A polyester polymer contains the ester functional group in their main chain. The backbones are formed by the “esterification condensation of polyfunctional alcohols and acids1.”
There are several reasons polyester is important:
- The relatively easy accessible raw materials: Purified terephthalic acid (PTA) or Dimethylterephthalate (DMT) and Mono-ethylene glycol (MEG).
- The simple chemical process of polyester synthesis is very well understood and described
- The possibility to produce PET in a closed loop at low emissions to the environment
- The outstanding mechanical and chemical properties of polyester
- The recyclability
- The wide variety of intermediate and final products made of polyester.
As fibers, polyester is a term often defined as “long-chain polymers chemically composed of at least 85 percent by weight of an ester and a dihydric alcohol and a terephthalic acid”. In other words, it means the linking of several esters within the fibers. Reaction of alcohol with carboxylic acid results in the formation of esters.2
Polyesters include naturally occurring chemicals, such as in the cutin of plant cuticles, as well as synthetics through step-growth polymerization such as polybutyrate. Polybutyrate (polybutyrate adipate terephthalate, or PBAT) is a biodegradable random copolymer, specifically a copolyester of adipic acid, 1,4-butanediol and dimethyl terephthalate. It is generally marketed as a fully biodegradable alternative to low-density polyethylene (LDPE), having many similar properties including flexibility and resilience, allowing it to be used for similar uses such as plastic bags. Most synthetic polyesters are not biodegradable. Many people refer to polyester as a specific material; most commonly called polyethylene terephthalate (PET).
Polyesters are used to make bottles (PET), films (e.g. Mylar®), tarpaulin, canoes, liquid crystal displays, holograms, filters, dielectric film for capacitors, film insulation for wire and insulating tapes. Polyesters are widely used as a finish on high-quality wood products such as pianos, guitars and vehicle/yacht interiors. Thixotropicity, a rather unique, time-dependent shear thinning property of polyesters3, is leveraged in spray-applications for use on open-grain timbers, since they can quickly fill wood grain and pores, with a high-build film thickness per coat.
Most of the backsheets of solar panels are constructed of polyester film, although some of these are slowly being replaced by fluoropolymers.
There are multiple chemical reactions to produce polyesters, such as:
Synthesis of polyesters is generally achieved by a polycondensation reaction. The general equation for the reaction of a diol with a diacid is:
(n+1) R(OH)2 + n R´(COOH)2 → HO[ROOCR´COO]nROH + 2n H2O
In this method, an alcohol and a carboxylic acid react to form a carboxylic ester. To produce a polymer, the water formed by the reaction must be continually removed by azeotrope distillation.
Transesterification is a process wherein an alcohol-terminated oligomer and an ester-terminated oligomer condense to form an ester linkage, with loss of an alcohol. R and R’ are the two oligomer chains, R” is a sacrificial unit such as a methyl group.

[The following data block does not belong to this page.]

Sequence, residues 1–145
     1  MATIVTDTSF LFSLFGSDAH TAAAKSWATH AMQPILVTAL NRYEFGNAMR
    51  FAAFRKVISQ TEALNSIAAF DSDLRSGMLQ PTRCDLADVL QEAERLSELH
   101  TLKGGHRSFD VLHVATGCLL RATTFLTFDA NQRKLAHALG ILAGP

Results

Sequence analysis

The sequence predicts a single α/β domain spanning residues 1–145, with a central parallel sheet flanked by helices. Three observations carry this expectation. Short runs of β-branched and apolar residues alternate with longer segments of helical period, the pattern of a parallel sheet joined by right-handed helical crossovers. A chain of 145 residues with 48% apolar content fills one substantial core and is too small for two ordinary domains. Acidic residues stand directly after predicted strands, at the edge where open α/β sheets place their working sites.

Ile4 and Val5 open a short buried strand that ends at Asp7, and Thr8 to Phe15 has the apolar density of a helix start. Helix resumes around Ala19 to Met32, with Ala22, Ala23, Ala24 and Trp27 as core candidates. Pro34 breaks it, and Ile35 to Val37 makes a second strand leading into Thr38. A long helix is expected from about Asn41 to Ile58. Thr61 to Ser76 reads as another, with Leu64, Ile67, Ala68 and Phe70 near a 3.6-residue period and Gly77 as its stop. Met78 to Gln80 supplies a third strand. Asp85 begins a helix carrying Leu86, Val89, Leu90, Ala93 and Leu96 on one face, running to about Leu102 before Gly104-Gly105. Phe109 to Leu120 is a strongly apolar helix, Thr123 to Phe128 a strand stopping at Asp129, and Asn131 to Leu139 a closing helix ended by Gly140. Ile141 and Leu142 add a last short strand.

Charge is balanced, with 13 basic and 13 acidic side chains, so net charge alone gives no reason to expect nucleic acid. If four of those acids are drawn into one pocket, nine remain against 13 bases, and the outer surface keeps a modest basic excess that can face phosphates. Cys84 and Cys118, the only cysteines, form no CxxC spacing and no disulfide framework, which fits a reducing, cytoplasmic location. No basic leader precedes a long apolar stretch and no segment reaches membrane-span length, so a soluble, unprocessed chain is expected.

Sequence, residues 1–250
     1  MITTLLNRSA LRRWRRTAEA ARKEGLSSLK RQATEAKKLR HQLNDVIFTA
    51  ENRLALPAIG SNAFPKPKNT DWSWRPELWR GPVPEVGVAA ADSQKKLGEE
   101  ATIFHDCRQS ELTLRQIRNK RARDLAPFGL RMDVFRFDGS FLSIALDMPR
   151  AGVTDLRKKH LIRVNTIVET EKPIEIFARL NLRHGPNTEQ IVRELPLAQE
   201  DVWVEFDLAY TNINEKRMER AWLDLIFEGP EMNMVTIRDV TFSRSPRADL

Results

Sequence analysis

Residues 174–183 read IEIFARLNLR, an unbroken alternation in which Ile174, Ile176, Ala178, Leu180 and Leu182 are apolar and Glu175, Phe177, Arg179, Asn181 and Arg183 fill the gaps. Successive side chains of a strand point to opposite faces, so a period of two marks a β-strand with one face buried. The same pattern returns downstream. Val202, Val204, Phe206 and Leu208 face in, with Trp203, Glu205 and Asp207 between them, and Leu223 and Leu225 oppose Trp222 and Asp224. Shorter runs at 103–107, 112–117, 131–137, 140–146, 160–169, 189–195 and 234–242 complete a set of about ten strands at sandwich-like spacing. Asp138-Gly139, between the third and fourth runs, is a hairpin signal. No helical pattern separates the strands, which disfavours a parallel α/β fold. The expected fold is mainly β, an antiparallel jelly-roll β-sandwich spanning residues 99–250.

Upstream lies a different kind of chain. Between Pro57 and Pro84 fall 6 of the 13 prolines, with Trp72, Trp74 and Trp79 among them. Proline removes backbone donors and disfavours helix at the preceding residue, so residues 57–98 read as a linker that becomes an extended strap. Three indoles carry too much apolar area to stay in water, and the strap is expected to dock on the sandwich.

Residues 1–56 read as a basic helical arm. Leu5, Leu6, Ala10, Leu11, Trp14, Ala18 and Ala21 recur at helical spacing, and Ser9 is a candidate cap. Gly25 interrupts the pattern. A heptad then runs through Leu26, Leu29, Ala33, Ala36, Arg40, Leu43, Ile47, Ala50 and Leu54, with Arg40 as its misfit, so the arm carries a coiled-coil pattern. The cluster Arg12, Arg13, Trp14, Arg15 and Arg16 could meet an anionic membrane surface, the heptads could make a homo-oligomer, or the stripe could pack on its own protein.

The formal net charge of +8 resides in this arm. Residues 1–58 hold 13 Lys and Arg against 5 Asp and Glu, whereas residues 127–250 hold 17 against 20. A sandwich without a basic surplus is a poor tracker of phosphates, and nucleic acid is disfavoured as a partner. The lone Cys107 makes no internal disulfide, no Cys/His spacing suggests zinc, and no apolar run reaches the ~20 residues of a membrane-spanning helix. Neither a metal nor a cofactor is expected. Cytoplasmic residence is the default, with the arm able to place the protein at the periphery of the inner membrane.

Polyester polyols are used in the manufacture of powder coating resins as well as epoxy polyester hybrid powder coatings. The former provides good mechanical properties, corrosion resistance and overbake stability, while the hybrid powder coatings are especially useful in appliance, shelving, office furniture, fixtures and general industrial applications. Polyesters are by far the dominant chemistry on powder coatings. Increasing the aromatic parts of polyesters increases their glass transition temperature (Tg), melting temperature, thermal stability, chemical stability and solvent resistance.
Unsaturated polyesters are thermosetting resins. They are generally copolymers prepared by polymerizing one or more diol with saturated and unsaturated dicarboxylic acids (maleic acid, fumaric acid, etc.) or their anhydrides. The double bond of unsaturated polyesters reacts with a vinyl monomer, resulting in a 3-D cross-linked structure. This structure acts as a thermoset. The exothermic cross-linking reaction is initiated through a catalyst, usually an organic peroxide such as benzoyl peroxide. They are mostly used in reinforced plastics. These are the most widely used and economical family of resins.
Saturated polyesters refer to that family of polyesters in which the polyester backbones are saturated. They are thus not as reactive as unsaturated polyesters. They consist of low molecular weight liquids used as plasticizers, and as reactants in forming urethane polymers, and linear, high molecular weight thermoplastics such as polyethylene terephthalate (dacron and Mylar). Usual reactants for the saturated polyesters are a glycol and an acid or anhydride.
Polyester fiber is formed through an extruder (spinnerette) to produce very fine threads of PET. Polyester clothing is silky in feel, although it can cause skin irritation for some people. Some polyester is blended with other fabrics to minimize this.
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